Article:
Before we look at how to implement source control, we need to look at why, what benefits do we actually get from using version control, why wouldn’t we just stick all of our code in a file share and be done with it?
- Central repository – obviously the first thing that version control gives you is a central repository for your code. This makes it easy for all your team to access, and to for things like backups to work with, it also makes it much easier for a new team member to get all they need to get started from one location. But as we said, we can achieve this with a file share.
- Concurrent access – the first big win with version control is the ability for each team member to work on the files without conflicting with other team members. There’s no need to lock a file or take local copies manually, version control will let your team work concurrently on the same files and handle merging these changes together when you finish.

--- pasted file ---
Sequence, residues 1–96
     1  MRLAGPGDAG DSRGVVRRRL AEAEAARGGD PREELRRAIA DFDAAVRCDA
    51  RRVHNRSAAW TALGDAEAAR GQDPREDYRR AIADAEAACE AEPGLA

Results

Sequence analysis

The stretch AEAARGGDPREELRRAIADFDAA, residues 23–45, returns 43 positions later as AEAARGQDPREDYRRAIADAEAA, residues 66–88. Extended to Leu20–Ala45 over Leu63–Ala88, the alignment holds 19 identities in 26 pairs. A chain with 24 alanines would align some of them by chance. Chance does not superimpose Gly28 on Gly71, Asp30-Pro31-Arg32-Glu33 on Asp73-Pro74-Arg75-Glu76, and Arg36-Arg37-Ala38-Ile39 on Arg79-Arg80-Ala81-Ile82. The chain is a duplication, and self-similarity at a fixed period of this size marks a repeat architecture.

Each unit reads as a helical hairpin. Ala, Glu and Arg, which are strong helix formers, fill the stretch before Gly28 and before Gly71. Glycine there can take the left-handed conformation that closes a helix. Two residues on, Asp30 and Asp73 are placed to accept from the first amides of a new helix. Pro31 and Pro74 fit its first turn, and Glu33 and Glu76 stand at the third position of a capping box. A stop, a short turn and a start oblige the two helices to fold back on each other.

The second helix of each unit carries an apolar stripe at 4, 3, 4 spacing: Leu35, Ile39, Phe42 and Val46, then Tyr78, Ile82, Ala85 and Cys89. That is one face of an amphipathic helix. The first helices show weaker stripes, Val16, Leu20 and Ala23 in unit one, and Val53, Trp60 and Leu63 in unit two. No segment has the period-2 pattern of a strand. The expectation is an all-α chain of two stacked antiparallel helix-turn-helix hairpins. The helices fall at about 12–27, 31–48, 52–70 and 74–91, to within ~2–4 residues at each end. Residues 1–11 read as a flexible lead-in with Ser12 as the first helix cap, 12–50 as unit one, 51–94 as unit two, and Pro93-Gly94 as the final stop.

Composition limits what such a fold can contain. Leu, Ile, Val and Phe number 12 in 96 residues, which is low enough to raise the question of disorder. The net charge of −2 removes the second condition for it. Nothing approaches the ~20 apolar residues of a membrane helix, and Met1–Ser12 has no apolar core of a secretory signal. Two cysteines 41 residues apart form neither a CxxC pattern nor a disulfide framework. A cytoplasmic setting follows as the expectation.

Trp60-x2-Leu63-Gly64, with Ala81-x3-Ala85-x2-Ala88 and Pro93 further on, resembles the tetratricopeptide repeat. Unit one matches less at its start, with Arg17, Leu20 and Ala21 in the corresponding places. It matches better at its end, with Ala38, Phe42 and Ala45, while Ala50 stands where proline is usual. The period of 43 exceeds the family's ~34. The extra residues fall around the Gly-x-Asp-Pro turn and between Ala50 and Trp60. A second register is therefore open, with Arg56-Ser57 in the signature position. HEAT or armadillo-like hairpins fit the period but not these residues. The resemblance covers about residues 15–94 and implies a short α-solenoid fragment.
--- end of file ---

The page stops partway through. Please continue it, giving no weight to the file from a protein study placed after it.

- Versioning – Each change made to your infrastructure code will be versioned, so if you need to you can see who made a change (or who broke things!) and even roll back a change if required.
- Audit– All changes are logged and recorded so you can see what was changed, who did it, and when
- Tagging – Need to not only see versions, but be able to locate a specific version of your code which was used for a specific environment. Tagging allows you to mark a specific version and be easily able to come back and use it later